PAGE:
In a petition submitted last week to customs officials, Freedom United joined other civil society groups in urging the U.S. to ban the import of goods made with forced labor in China.
Sent by the Interfaith Center on Corporate Responsibility on behalf of Freedom United and eight other human rights groups, the petition urges Customs and Border Patrol (CBP) to issue a withhold release order (WRO)—a type of ban which block goods made with forced, convict, or indentured labor.
The petition goes beyond recent WROs issued against specific entities in China and targets all cotton goods made in the Uyghur Region, as well as any good made outside of the Uyghur Region using its cotton inputs or employing transferred Uyghur laborers.
A complement to the Coalition to End Forced Labor in the Uyghur Region’s call on brands to exit the region, the petition seeks to create the government pressure that many campaigners see as essential to tackling forced labor in the region.
The Guardian reports:
Rahima Mahmut, a spokeswoman for the World Uighur [sic] Congress, one of the campaign groups spearheading the petitions, is hopeful that the economic impacts of a ban could cause Beijing to rethink its prison labour policy.
“This is a very small measure compared to the terrible abuse that is happening to the Uighur people in East Turkistan [now known as Xinjiang] … but hopefully it will hurt China economically and encourage them to stop,” she says.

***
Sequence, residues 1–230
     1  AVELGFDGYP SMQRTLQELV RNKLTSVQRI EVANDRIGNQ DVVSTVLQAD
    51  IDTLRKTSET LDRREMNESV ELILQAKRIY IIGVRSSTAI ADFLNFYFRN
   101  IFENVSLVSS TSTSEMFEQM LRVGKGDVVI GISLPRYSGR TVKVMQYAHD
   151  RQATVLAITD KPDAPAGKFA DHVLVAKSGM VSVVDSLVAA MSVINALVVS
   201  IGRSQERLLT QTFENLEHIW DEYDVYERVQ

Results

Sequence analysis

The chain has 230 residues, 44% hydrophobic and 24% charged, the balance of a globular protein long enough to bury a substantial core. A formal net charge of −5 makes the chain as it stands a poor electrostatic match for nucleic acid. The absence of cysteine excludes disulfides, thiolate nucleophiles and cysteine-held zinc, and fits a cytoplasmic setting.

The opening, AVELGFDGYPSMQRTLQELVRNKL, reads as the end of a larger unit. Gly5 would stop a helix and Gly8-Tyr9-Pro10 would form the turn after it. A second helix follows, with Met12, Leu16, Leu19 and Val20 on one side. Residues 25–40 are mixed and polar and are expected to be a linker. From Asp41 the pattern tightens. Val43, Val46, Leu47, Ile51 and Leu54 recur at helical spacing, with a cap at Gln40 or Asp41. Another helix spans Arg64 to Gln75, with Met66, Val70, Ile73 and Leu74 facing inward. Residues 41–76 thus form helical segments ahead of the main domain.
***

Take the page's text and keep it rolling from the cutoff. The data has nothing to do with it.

“So many international brands rely on cotton from this region that it would be a massive problem for China were the US to enforce a ban,” says Dearbhla Minogue, legal officer for the Global Legal Action Network (Glan), co-sponsor of one of the petitions.
Over one million Uyghurs and other people from Turkic and Muslim-majority ethnic groups have been detained since 2017 in a system of repression in which forced labor plays a major role.
The apparel industry is particularly at risk of complicity, given China’s position as the world’s largest cotton producer and the fact that 84 percent of its cotton is grown in the Uyghur Region.
Last week’s petition is the latest action that Freedom United has taken as part of the Coalition, which launched last month.
Its content and intent is similar to one that Freedom United partner and Coalition member Global Legal Action Network (GLAN) submitted in the United Kingdom in April, which remains under consideration.
Freedom United has gathered over 36,000 signatures to date calling on the Chinese government to end its system of forced labor.
Take action and add your name today.
Read more about the Coalition here.
Learn more about Rahima’s story here.
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We need the brands because brands are not only economical but also relevant political actors. Banning a Country is half of the measure. Every dictatorship has it’s civical, economical, clerical/religious, military and politicians endorsers.
Without taking actions we only blame goverments leaving the rest of the responsabilities and complicities free of charge.
Hi Janet! It’s important to realize that the entire fashion industry is potentially complicit, but we’ll be giving more details of specific brand targets in the coming weeks. In the meantime, you can learn more about the coalition Freedom United is part of. We’re calling on all apparel brands to make a formal commitment to exit the Uyghur Region: enduyghurforcedlabor.org
Need to know the label or labels to look for. Anyone know?